“I hold similar concerns, grave concerns for what it is doing already to families in the small towns in the Kimberley and what it might do to the more remote areas up here,” said Ms Oscar, who has done a lot of work with alcohol abuse and resulting violence in remote communities.
Ms Oscar said better education and awareness campaigns were needed to prevent young people from getting hooked.
“We need to go hard at an education and awareness campaign, we need that accelerated, we need to provide accurate, factual information to children and the broader adult population,” she said.
“We need to give some very good examples of what this is, what it is we are dealing with, so people armed with that can self-manage, can make information to them and make safe and good decisions.”
Justice Martin said the justice system was not enough of a deterrent to people using methamphetamine.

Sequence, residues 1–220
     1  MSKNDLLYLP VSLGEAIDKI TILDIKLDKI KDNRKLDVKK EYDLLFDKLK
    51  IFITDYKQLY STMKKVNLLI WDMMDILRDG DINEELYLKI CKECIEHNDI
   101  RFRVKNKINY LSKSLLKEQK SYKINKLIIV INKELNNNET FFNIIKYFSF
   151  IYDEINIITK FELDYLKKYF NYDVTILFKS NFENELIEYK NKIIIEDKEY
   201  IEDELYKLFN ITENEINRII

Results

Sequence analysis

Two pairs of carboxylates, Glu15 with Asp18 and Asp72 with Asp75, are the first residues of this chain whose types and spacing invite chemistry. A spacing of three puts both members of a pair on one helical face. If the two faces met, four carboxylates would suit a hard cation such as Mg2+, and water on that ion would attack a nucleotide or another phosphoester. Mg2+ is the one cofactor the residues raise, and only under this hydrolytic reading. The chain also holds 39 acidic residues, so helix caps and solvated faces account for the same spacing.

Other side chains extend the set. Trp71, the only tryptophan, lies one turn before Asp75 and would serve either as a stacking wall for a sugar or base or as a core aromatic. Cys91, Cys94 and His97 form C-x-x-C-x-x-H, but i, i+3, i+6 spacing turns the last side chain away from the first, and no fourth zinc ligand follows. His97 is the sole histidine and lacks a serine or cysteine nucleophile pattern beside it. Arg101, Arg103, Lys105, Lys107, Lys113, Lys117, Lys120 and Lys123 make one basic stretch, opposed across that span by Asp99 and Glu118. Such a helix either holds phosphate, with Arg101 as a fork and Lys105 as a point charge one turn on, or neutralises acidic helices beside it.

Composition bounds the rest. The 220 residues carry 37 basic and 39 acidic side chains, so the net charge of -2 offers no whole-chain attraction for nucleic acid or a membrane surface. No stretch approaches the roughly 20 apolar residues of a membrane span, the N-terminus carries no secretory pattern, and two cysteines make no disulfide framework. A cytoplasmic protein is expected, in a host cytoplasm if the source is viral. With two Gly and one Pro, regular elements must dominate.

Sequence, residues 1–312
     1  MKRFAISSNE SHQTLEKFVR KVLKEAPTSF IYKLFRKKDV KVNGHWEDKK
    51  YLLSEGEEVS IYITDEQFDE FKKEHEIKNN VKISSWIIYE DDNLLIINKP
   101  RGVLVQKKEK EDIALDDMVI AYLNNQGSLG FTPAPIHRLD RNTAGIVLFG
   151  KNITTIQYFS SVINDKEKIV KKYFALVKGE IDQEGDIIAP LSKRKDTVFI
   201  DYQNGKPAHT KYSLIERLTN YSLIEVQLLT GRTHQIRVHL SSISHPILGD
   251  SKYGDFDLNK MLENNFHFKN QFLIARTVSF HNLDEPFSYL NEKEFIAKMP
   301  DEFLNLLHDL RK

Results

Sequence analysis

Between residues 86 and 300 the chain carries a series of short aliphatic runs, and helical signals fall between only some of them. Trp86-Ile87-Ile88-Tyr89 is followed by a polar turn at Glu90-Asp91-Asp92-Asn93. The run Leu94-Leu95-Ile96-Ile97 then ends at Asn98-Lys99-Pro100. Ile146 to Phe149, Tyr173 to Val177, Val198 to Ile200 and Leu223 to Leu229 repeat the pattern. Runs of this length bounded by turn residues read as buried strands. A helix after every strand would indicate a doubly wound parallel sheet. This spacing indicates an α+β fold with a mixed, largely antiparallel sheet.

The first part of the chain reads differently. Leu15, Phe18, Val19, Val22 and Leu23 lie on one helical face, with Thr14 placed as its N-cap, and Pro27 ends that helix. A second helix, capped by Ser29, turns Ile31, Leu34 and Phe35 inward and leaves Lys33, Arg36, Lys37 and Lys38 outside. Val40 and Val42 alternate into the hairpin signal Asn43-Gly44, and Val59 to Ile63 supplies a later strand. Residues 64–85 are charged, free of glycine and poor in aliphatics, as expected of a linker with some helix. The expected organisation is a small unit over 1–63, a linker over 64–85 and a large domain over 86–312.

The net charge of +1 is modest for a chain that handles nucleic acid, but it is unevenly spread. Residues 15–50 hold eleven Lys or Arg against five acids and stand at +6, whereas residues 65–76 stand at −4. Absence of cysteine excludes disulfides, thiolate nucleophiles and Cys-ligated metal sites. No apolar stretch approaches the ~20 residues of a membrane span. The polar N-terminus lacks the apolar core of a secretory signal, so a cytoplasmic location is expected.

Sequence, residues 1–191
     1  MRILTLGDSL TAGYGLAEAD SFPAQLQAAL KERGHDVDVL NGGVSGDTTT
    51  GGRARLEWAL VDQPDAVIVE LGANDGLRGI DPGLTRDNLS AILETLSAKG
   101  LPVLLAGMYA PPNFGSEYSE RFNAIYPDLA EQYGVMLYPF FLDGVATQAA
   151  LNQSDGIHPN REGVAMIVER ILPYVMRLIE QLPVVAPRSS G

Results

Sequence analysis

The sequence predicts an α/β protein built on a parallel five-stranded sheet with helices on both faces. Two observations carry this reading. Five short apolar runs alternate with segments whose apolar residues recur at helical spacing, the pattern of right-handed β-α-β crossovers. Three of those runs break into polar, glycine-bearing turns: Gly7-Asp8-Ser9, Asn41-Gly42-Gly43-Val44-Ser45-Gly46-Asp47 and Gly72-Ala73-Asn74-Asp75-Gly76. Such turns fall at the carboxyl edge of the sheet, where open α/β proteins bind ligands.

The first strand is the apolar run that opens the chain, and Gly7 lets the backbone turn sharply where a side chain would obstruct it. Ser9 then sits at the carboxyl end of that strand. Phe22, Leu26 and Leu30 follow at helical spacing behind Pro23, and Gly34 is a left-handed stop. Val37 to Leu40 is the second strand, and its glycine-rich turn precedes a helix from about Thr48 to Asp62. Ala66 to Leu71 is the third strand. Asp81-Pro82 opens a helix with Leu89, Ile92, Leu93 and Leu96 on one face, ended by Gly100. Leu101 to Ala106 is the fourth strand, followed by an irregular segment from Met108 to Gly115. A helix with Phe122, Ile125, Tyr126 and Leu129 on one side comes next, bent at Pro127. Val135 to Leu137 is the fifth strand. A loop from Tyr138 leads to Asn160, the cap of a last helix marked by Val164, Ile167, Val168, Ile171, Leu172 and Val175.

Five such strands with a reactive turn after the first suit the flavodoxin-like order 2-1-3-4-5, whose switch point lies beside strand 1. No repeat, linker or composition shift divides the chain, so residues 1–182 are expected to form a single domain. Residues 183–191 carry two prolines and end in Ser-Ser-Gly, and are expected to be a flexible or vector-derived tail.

“We’ve been throwing the book at offenders for a long time; upper level dealers have been getting very heavy sentences, 10 years plus, for more than a decade now,” he said.
“But the fact is that they have not reduced the spread of the drug, and it has continued to prosper and flourish.
“What it tells you is that people have an inflated view of the criminal justice system to change behavior. By the time people get into the courts, it is a bit like shutting stable door after horse has bolted.
“Really police and courts must continue to do what they are doing, in terms of punishing people who deal in this drug, but fundamentally this is a public health problem. I think we need a community response.”